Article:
And later, Vladimir Putin breaking down the unrest in Ukraine, saying it's not his fault at all. We're live in Ukraine.


BLITZER: Testy exchange up on Capitol Hill when the House speaker John Boehner was confronted on the sensitive issue of immigration reform, specifically, why the speaker has not allowed the House of Representatives to vote on the immigration bill passed last June by the U.S. Senate.

Listen to this.


JORGE RAMOS, ANCHOR, FUSION: Mr. Speaker, we came here to ask you, why are you blocking immigration reform. It's been almost a year since the Senate passed --



RAMOS: Yes, you could bring it to a vote and you haven't. It's been almost a year --


BOEHNER: Well, actually, it's an issue that I've talked about for 18 months, starting the day after the 2012 election, the fact that Congress needs to deal with this. And I made it clear we're not going to deal with the Senate bill, 1,300-page bill that no one has read. And we're not going to do it. Think moving in a piece by piece fashion in a commonsense way is the way to do this.

But the president, the president has responsibility here as well. When he continues to ignore Obamacare, his own law, 38 unilateral delays, he reduces the confidence of the American people in his willingness to implement an immigration law the way we would pass it. So the president has to rebuild the trust if we're going to do this.

(CROSSTALK) RAMOS: What does Obamacare has to do with immigration reform. The Senate passed it almost a year ago and you haven't moved on that --


BOEHNER: I gave just gave you --


RAMOS: -- questioning your leadership --


BOEHNER: I just gave you an answer. There's nobody more interested in fixing this problem than I am.

RAMOS: But you can do it --


RAMOS: -- and you haven't done it. You can do it, Mr. Speaker. You can do it and you really haven't done it.

BOEHNER: I appreciate your opinion. Thank you.


BLITZER: Let's bring in our CNN political commentator, Ana Navarro.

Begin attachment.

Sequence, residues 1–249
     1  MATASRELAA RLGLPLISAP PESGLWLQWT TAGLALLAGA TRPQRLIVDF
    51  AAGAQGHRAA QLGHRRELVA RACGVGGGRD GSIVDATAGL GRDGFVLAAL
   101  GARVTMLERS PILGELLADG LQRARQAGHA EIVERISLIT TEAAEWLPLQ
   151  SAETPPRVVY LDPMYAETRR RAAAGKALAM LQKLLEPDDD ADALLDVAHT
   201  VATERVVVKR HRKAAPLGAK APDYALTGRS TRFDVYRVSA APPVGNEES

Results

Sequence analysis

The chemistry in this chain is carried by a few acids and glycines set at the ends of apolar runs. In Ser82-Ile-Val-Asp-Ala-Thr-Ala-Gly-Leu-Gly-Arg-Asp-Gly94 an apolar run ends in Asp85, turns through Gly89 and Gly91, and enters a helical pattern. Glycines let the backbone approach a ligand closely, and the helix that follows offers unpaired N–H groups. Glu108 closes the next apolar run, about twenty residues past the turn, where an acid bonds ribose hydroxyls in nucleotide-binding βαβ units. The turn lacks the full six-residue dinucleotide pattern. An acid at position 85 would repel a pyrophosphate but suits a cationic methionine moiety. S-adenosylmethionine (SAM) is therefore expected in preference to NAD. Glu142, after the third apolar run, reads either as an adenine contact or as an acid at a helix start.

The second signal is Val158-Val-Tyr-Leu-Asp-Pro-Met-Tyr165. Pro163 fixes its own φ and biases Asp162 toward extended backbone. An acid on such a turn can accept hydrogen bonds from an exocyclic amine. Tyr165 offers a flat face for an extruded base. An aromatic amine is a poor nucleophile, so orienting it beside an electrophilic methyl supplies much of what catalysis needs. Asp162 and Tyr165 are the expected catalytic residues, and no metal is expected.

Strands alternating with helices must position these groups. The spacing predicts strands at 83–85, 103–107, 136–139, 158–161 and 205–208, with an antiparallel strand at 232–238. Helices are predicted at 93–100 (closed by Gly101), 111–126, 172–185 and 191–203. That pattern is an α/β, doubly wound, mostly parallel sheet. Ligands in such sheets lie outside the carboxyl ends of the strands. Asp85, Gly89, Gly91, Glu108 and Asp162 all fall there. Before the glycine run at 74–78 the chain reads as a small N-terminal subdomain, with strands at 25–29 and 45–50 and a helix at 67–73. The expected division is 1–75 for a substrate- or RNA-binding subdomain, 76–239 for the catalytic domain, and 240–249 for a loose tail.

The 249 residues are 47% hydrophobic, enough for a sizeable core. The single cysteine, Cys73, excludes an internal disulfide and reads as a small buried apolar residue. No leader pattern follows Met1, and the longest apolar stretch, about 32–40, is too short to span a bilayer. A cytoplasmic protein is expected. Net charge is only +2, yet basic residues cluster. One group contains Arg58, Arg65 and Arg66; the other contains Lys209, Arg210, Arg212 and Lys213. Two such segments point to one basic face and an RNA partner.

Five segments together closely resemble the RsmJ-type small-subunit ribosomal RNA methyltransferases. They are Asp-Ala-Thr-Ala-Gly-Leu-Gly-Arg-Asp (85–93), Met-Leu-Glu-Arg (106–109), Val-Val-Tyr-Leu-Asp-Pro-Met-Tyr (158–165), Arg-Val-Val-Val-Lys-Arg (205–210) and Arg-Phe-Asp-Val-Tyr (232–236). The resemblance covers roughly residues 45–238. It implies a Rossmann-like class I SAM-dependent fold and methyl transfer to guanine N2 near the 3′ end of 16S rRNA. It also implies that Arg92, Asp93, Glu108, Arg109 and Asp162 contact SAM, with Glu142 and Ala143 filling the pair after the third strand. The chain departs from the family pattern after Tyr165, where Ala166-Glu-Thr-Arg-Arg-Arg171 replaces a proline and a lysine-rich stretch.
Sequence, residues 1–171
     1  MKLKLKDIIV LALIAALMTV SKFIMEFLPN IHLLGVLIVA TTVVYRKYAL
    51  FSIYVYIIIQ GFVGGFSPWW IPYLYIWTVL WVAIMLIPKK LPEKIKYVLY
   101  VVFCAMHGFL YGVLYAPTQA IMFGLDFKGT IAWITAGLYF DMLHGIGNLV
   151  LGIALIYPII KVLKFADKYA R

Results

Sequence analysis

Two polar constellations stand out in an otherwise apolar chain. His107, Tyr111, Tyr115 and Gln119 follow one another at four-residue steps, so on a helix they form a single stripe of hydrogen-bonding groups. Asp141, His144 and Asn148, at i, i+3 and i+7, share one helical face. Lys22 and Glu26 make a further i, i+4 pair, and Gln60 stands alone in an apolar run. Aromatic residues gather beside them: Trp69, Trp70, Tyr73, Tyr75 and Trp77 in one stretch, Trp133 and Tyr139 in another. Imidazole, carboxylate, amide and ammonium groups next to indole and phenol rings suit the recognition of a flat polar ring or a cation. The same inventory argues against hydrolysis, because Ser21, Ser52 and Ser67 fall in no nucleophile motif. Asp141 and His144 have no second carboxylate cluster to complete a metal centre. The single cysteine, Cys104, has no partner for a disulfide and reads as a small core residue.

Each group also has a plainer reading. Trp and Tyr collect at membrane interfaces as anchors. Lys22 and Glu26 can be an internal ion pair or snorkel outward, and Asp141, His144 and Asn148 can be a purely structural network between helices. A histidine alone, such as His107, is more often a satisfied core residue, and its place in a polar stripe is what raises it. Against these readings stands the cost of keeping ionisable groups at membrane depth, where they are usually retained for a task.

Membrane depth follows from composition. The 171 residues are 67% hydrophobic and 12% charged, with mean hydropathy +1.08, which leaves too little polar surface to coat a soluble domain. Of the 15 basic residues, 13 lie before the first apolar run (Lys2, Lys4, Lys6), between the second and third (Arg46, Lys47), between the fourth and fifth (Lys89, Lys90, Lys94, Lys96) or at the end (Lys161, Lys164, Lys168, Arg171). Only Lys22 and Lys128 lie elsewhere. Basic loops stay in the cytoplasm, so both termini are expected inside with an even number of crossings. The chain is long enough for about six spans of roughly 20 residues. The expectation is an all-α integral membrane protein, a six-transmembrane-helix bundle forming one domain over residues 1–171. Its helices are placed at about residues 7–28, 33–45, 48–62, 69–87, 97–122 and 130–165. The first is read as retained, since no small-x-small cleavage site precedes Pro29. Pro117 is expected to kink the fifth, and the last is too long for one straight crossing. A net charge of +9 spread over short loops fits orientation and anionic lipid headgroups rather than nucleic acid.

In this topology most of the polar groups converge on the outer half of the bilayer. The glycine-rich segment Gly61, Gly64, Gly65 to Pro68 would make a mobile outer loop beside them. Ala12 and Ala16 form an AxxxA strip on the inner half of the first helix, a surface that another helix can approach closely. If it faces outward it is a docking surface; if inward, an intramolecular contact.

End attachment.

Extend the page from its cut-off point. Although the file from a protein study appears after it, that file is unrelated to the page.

What did you think about that exchange?

ANA NAVARRO, CNN POLITICAL COMMENTATOR: Know both of them. I like both of them. I spoke to Jorge Ramos this morning before doing this interview. He told me he'd been seeking an interview with Speaker Boehner for months, had not gotten it, so he decided to show up to the speaker's press conference and ask the question. Sat in the front row, sitting there next to Dana Bash.

Jorge Ramos is a tough interviewer. He's also more than just a journalist. He really speaks for the community. He's one of the most popular Latinos in the U.S. I think he was expressing the frustration there is in the community.

Mind you, we just say his exchange with Boehner. But then he went to the other side of the capital and had a somewhat heated exchange with Harry Reid and a group of Democrats as well, saying to them, why do you continue offering false hope and why aren't you pressing the president to stop deportations. So he is an equal-opportunity tough interviewer.

BLITZER: That's what journalists are supposed to be, tough with everyone, irrespective of political opinions.

On the House side, going back to that House side, there's the so- called Hastert Rule that the majority, in this particular case, the majority of the Republicans, need to support it before the speaker would even allow it to come up for a vote. Is that still part of this right now?

NAVARRO: I think the Hastert Rule is greatly exaggerated. When Dennis Hastert himself has said there is no Hastert Rule, I think it's not something that should rule. But certainly, look, when a party is in the majority, they want to put bills on the floor that will pass with the support of the majority party. In the same fashion that Nancy Pelosi didn't bring up bills that would have passed with 90 percent Republican votes and 10 percent Democrat votes, Speaker Boehner's got the same issue. He's also in a very difficult situation, with a caucus, a Republican caucus, that frankly is like herding cats trying to get them to act in unison.

I do not doubt his willingness, his desire to want to move on immigration. I have confidence in him. I trust him. I don't know if he will find the way if he will find the right window. I hope he keeps trying. He's got a commitment made with a lot of people. I think it's something that needs to be done.